P-34

The body of P-34 was found by a runner on Sept. 30 at Point Mugu State Park. A necropsy proved the mountain lion was killed by rodenticides.

Malibu’s long-awaited ban on pesticides will be inked into law following a unanimous vote by city council on Monday, June 28, following years of workshops, lobbying and bureaucratic wrangling. The new resolution amends the city’s local coastal program (LCP) and land use plan (LUP) prohibiting “development that involves the use of pesticides, including insecticides, herbicides, rodenticides or any other similar toxic chemical substances ... in cases where the application of such substances would have the potential to significantly degrade Environmental Sensitive Habitat Areas or coastal water quality or harm wildlife.” 

The amendment does make a provision that herbicide may be used to eradicate invasive plant species or toward habitat restoration, “but only if the use of non-chemical methods for prevention and management such as physical, mechanical, cultural and biological controls are infeasible. Herbicides shall be restricted to the least toxic product and method, and to the maximum extent feasible, shall be biodegradable, derived from natural sources and used for a limited time.”

The amendment comes after approval from the California Coastal Commission at its May 2021 meeting; at that time, the commission voted to allow the city to enact the ban in certain ecological areas, which city staff has interpreted to cover the entirety of Malibu.

While the LUP will stop new developments from using pesticides, an LCP local implementation plan “is more your ordinance document,” according to Planning Director Richard Mollica. “It’s the document a code enforcement officer is going to cite someone on.” In other words, according to the city’s staff report, the local implementation plan will “add provisions to implement and enforce a citywide prohibition of pesticides.” That ordinance is now being drawn up by city staff.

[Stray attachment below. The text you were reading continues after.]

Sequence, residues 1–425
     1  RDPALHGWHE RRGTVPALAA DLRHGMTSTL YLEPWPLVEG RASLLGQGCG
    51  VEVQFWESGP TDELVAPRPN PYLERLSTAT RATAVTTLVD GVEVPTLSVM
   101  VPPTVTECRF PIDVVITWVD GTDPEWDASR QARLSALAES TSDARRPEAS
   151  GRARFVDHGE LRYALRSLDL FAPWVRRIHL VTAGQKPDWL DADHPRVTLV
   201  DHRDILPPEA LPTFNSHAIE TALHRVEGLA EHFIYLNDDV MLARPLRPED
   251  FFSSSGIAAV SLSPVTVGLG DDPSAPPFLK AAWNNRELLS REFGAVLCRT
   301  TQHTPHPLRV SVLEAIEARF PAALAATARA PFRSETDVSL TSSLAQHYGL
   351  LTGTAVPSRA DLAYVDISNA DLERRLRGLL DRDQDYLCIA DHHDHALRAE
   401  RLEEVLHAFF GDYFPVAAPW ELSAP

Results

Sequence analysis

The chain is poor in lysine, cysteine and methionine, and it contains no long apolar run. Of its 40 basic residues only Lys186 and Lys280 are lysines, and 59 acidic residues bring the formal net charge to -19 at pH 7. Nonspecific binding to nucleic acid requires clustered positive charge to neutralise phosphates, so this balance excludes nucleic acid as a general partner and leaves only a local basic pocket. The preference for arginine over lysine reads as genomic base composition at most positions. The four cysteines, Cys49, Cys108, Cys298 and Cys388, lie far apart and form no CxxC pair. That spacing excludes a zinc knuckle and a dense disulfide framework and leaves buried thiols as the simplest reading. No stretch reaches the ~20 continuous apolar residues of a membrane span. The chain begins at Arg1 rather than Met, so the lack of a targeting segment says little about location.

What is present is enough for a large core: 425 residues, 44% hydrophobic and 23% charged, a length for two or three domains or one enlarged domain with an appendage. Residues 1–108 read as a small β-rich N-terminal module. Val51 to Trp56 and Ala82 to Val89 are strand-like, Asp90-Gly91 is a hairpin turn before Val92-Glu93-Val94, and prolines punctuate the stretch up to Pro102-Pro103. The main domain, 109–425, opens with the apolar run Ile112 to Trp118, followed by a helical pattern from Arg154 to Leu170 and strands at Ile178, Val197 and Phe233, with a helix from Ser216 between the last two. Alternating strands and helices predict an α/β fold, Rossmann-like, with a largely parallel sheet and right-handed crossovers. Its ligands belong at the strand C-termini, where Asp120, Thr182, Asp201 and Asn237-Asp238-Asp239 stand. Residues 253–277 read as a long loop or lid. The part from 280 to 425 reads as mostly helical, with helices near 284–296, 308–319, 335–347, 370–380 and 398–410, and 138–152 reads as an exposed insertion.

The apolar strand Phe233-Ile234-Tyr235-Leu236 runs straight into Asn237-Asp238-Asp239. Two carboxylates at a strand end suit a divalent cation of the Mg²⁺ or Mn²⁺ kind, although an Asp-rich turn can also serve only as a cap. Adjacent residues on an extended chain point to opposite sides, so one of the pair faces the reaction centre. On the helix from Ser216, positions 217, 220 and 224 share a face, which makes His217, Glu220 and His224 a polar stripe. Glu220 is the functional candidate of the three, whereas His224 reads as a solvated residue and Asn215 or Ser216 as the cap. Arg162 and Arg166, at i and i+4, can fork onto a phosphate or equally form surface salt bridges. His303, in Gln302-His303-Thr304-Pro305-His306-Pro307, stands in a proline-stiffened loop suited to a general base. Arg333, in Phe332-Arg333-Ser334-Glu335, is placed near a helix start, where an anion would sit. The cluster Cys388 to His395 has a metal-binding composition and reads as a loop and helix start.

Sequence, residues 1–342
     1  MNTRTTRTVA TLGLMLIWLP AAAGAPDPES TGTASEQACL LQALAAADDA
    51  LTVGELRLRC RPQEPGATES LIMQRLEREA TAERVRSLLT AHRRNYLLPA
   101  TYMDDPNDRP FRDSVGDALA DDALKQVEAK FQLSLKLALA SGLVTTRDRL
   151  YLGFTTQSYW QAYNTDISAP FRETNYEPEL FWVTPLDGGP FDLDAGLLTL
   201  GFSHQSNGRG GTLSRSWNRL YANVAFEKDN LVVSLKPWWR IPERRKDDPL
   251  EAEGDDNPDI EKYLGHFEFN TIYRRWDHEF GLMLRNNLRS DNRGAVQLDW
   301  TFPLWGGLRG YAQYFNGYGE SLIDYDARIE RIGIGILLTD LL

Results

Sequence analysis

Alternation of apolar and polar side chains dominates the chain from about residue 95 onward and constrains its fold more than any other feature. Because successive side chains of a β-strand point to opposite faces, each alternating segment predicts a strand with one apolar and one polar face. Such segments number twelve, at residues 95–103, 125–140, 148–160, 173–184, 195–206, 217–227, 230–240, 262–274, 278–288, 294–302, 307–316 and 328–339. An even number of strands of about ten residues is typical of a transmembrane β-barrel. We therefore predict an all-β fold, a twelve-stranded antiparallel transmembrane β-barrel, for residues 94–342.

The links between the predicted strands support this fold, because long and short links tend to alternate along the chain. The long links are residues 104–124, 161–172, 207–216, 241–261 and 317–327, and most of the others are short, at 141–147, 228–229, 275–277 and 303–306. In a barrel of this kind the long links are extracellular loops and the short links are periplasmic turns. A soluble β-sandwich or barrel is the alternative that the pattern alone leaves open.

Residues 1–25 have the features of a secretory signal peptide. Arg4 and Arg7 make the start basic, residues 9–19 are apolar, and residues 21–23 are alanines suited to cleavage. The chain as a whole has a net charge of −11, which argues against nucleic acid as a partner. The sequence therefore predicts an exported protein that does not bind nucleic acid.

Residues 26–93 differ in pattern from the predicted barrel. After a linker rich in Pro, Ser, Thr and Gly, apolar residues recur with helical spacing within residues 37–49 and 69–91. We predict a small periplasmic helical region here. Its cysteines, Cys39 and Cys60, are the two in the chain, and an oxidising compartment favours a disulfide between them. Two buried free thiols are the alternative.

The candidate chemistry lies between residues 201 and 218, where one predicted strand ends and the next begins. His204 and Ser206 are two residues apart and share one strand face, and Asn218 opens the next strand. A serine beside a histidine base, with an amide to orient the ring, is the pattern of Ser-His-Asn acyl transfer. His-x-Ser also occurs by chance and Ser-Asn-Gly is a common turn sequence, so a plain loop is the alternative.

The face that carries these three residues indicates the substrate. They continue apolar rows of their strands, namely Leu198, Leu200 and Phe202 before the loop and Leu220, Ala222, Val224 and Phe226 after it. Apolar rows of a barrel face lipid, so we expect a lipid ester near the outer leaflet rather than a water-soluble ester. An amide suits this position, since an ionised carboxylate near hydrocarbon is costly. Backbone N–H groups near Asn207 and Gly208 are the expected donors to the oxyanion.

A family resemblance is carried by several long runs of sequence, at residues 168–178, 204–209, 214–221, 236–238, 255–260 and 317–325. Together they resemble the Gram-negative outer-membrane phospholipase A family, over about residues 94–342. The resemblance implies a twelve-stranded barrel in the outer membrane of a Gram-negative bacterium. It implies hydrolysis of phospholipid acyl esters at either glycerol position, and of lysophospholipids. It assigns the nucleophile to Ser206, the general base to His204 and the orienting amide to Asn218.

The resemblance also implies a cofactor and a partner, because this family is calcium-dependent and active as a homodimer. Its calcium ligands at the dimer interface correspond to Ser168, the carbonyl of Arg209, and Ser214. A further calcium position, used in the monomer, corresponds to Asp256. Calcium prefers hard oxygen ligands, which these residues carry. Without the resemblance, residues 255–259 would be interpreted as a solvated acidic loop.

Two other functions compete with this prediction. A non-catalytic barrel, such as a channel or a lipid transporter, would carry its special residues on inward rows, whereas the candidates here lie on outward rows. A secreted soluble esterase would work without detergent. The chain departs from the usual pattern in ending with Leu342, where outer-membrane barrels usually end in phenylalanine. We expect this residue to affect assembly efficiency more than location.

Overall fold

The fight to ban pesticides in the city began in 2014, urged on by nonprofit Poison Free Malibu, founded by husband and wife team Kian and Joel Schulman. 

Both Kian and Joel spoke to urge the city to act quickly to enact the changes in the city code, saying more and more animals continue to be killed by poisons proliferating in the local environment.

“We need strong action now. Please make this process ... as quick as possible,” Joel said.

Council opposed to SB 9, increasing density in residential neighborhoods

Citing fire safety and local control issues, Mayor Paul Grisanti requested permission to send a letter in opposition to a proposed California Senate bill that would increase density in single-family zoned neighborhoods. The bill is designed to combat California’s growing housing crisis, but has faced fierce opposition from small cities, including the League of California Cities and every member of the Las Virgenes/Malibu Council of Governments.

Council Member Bruce Silverstein pointed out that the bill does not take into account “those living in a high-fire severity zone.”

“We’re water constrained, we’re space constrained, we’re running into each other everywhere we go,” Grisanti agreed.

The proposal to write the letter received unanimous, 5-0, support.

Face mask ordinance lifted

As Malibu entered its third week with no new confirmed cases of COVID-19, city council voted to lift the face mask mandate that had been in place in the city since November 2020.

In-person meetings still weeks away

The earliest Malibu could resume in-person meetings is likely to be August. Council directed interim City Manager Steve McClary to monitor public health regulations and keep council updated on considerations for how and when to resume in-person council meetings.

On Monday, Malibu City Hall reopened to the public for the first time since the pandemic began; however, city meetings will continue to be held remotely until council determines it is safe to hold them in person. Council Member Mikke Pierson again repeated his aversion to wearing a mask at meetings, most of which stretch from four to six hours or more.

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